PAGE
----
• Drinking alone
  • Drinking more to feel the effects (having a high tolerance)
  • Displaying aggressive reactions when asked about drinking habits
  • Neglecting personal hygiene
  • Eating poorly/not eating
  • Unable to control alcohol intake
  • Missing work/school due to drinking
  • Making excuses to drink
  • Giving up important activities because of alcohol use
  • Continuing to drink despite legal, social, or economic problems

As for physical symptoms, look out for the following as they may experience these:

  • Alcohol cravings
  • Withdrawal symptoms, including shaking, nausea, and vomiting
  • Tremors (involuntary shakes) the morning after drinking
  • Memory lapses (blacking out) after a night of drinking
  • Illnesses (like cirrhosis, etc.)

By knowing these symptoms and behaviors, you can assess if your loved one may need help with alcoholism. Knowing is half the battle, and the next step is trying to break them free.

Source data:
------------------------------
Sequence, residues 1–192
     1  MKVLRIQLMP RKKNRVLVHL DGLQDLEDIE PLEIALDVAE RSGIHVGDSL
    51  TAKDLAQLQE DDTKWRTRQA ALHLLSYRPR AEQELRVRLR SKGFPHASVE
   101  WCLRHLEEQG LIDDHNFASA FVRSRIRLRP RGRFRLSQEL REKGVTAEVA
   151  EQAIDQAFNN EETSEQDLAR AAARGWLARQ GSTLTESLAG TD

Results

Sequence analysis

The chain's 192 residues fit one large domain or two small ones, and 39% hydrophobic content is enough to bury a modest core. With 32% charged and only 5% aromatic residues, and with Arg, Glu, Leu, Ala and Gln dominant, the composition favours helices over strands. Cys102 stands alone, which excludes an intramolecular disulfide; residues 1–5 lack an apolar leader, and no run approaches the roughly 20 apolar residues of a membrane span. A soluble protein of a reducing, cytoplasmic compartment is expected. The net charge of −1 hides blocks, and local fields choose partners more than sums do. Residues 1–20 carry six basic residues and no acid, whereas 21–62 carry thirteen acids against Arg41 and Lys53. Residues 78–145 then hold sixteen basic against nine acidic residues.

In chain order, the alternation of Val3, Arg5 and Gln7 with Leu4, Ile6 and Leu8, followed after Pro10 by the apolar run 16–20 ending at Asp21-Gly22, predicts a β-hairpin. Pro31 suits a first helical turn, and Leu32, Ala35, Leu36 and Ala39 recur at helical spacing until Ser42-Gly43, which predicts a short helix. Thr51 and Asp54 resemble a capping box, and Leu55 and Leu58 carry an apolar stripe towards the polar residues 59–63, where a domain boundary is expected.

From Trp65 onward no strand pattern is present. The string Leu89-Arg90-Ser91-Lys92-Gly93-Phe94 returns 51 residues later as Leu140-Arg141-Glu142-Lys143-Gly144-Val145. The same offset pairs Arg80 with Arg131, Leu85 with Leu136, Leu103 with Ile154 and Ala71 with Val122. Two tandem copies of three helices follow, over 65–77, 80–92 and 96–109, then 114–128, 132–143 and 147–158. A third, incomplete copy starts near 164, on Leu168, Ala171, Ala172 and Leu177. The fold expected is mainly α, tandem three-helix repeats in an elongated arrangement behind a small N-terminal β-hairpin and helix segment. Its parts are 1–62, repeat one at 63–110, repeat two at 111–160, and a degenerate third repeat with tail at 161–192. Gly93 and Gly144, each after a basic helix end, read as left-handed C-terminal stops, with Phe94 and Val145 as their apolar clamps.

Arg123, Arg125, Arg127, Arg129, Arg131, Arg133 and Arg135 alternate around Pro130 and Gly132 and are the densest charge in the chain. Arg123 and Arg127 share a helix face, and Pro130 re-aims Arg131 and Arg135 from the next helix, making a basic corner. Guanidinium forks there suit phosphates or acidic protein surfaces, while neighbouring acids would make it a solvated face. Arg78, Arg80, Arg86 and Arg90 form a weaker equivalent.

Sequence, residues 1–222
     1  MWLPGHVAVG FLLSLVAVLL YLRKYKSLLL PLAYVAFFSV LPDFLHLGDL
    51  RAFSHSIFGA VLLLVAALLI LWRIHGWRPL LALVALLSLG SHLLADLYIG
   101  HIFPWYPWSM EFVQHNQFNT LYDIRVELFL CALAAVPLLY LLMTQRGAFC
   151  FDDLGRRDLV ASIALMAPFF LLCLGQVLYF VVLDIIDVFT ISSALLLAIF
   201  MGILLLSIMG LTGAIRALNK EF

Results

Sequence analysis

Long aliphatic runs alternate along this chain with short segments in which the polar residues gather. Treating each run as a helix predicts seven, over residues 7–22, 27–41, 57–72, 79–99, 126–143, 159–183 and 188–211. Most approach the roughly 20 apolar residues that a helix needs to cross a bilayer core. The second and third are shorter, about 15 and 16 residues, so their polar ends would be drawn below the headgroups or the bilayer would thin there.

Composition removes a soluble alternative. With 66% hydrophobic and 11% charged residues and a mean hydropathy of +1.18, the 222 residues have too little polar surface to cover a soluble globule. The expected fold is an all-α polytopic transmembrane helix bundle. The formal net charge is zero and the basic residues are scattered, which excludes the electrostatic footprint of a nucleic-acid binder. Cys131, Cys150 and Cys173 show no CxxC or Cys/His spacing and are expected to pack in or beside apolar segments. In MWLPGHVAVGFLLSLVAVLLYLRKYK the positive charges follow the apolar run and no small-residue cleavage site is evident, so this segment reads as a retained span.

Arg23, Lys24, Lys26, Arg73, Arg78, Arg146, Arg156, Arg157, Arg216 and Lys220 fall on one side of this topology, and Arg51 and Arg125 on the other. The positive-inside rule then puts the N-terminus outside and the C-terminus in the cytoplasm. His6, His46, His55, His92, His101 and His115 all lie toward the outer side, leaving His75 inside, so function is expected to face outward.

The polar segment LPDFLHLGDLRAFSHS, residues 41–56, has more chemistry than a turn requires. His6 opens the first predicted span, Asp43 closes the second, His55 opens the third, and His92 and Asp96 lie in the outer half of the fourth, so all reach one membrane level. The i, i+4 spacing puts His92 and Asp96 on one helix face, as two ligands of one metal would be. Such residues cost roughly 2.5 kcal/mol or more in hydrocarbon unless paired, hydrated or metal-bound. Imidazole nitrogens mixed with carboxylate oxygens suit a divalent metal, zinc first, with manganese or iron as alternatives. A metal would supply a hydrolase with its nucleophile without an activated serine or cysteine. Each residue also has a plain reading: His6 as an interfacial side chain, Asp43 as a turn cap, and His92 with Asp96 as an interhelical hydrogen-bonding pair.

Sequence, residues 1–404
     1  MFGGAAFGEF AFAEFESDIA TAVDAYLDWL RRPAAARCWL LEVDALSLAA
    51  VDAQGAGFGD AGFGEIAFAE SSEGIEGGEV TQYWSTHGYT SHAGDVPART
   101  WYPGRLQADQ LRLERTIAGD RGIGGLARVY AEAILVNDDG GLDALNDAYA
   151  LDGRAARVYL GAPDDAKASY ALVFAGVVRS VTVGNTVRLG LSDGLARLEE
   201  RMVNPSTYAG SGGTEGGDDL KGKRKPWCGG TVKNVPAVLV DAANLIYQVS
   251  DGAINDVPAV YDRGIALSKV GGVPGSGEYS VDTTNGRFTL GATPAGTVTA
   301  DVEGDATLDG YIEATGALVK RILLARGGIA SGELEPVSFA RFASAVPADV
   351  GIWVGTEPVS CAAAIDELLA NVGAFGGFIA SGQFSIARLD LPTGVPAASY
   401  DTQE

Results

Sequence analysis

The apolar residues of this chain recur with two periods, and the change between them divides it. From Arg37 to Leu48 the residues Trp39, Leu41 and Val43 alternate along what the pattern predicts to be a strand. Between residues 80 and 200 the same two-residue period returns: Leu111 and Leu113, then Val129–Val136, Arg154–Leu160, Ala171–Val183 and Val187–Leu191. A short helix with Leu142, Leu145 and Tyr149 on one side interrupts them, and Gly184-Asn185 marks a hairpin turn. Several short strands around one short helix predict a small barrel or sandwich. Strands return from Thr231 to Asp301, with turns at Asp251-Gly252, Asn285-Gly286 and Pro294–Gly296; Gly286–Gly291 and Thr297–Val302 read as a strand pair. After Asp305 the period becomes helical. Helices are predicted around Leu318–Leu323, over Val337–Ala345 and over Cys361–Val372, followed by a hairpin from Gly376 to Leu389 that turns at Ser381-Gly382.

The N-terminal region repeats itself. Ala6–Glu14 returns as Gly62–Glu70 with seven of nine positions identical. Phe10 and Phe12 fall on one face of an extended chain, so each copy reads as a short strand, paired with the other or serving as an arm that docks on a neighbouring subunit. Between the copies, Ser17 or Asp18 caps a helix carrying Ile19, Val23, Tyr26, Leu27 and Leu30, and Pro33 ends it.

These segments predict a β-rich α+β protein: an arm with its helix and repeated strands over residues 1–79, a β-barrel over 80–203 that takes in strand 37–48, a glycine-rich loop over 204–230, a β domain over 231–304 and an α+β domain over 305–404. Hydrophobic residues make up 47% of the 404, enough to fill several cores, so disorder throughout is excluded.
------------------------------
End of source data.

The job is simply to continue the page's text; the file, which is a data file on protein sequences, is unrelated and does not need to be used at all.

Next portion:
2. Be Prepared When Confronting

You will need to have the conversation with your loved one about their problem. In doing so, you must prepare. Formulate statements that are positive and supportive, while avoiding being negative or hurtful. You must make sure that you show that you that you are there for them and you will be helping them with every step of the way.

Also, pick the right time and place when making this important conversation. It has to be in a quiet area that ensures privacy and avoids interruptions. This way, you have each other’s full attention and make sure that the person is sober.

Prepare yourself for every response that you get in this. Remember to stay calm, assure support, and listen with both honesty and compassion.

3. Surround with Supportive People